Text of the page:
When Australia defeated England for the first time on English soil in 1882, a mock obituary notice was inserted in the Sporting Times lamenting the 'death' of English cricket and stating that the body was to be cremated and the ashes taken to Australia. Later, an urn containing ashes came to be recognised as cricketing trophy, and now resides permanently at Lord's cricket ground. The mystery is this: where did the Ashes come from, and are they in fact still there? The author examines the official story and other, alternative suggestions, and details the personalities involved in the foundation of this great tradition. To understand the full significance of the Ashes to both countries, the author recounts the triumphant Australian tour of England in 1882, and the subsequent 'recovery' of the Ashes by England in Australia a year later. Cricket's Biggest Mystery: The Ashes is one of the most fascinating books to be written on the foundation of the competition for what must be one of sport's most unusual trophies. It will be a welcome addition to the library of every cricket enthusiast.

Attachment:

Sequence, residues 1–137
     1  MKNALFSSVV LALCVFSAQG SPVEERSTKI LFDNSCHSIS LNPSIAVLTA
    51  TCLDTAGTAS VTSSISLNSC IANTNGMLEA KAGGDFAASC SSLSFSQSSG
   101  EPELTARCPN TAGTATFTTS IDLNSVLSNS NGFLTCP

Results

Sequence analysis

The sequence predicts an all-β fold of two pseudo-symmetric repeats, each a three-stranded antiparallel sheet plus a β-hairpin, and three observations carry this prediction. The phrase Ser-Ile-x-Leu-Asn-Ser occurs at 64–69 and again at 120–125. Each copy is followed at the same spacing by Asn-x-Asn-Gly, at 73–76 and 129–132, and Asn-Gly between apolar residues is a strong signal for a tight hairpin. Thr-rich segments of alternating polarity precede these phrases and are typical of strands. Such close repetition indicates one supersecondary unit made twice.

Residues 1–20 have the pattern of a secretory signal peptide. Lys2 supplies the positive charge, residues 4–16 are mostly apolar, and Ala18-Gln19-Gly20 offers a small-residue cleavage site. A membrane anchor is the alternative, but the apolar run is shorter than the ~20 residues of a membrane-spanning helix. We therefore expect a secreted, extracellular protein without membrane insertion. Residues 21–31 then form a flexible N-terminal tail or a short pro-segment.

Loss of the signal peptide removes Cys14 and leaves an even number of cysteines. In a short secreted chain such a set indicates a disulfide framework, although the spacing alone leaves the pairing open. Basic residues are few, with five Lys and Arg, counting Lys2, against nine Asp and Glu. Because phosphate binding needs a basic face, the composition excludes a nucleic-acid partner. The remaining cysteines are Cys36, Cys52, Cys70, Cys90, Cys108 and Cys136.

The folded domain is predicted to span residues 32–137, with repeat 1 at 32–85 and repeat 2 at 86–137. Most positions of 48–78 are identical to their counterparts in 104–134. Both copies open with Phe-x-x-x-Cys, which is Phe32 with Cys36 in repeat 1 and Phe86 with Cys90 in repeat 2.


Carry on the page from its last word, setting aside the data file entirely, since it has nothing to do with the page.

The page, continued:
Ronald Willis was born in North Yorkshire, and was Burnt Yates Endowed School, Nidderdale, and Ripon Grammar School. After some year reporting on Dales' newspapers, he became a sub-editor on the Northern Echo before moving to the Daily Telegraph and then the Eastern Daily Press. In 1972 he became a columnist and feature writer on the Yorkshire Evening Press. In 1976 he migrated to Australia and has settled in Western Australia with his wife and daughter. A life-long York City Football Club supporter, he also has the unusual hobby of moustache-cup collecting.